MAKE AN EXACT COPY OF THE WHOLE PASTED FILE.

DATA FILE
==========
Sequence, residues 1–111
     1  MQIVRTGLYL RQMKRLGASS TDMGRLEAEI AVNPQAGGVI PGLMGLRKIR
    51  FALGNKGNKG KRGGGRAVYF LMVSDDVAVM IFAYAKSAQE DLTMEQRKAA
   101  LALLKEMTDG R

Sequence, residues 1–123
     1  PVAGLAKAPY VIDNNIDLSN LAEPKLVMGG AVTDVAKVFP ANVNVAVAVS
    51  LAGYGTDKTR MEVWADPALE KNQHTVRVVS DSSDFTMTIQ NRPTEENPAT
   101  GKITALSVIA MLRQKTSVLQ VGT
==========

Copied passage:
Sequence, residues 1–111
     1  MQIVRTGLYL RQMKRLGASS TDMGRLEAEI AVNPQAGGVI PGLMGLRKIR
    51  FALGNKGNKG KRGGGRAVYF LMVSDDVAVM IFAYAKSAQE DLTMEQRKAA
   101  LALLKEMTDG R

Sequence, residues 1–123
     1  PVAGLAKAPY VIDNNIDLSN LAEPKLVMGG AVTDVAKVFP ANVNVAVAVS
    51  LAGYGTDKTR MEVWADPALE KNQHTVRVVS DSSDFTMTIQ NRPTEENPAT
   101  GKITALSVIA MLRQKTSVLQ VGT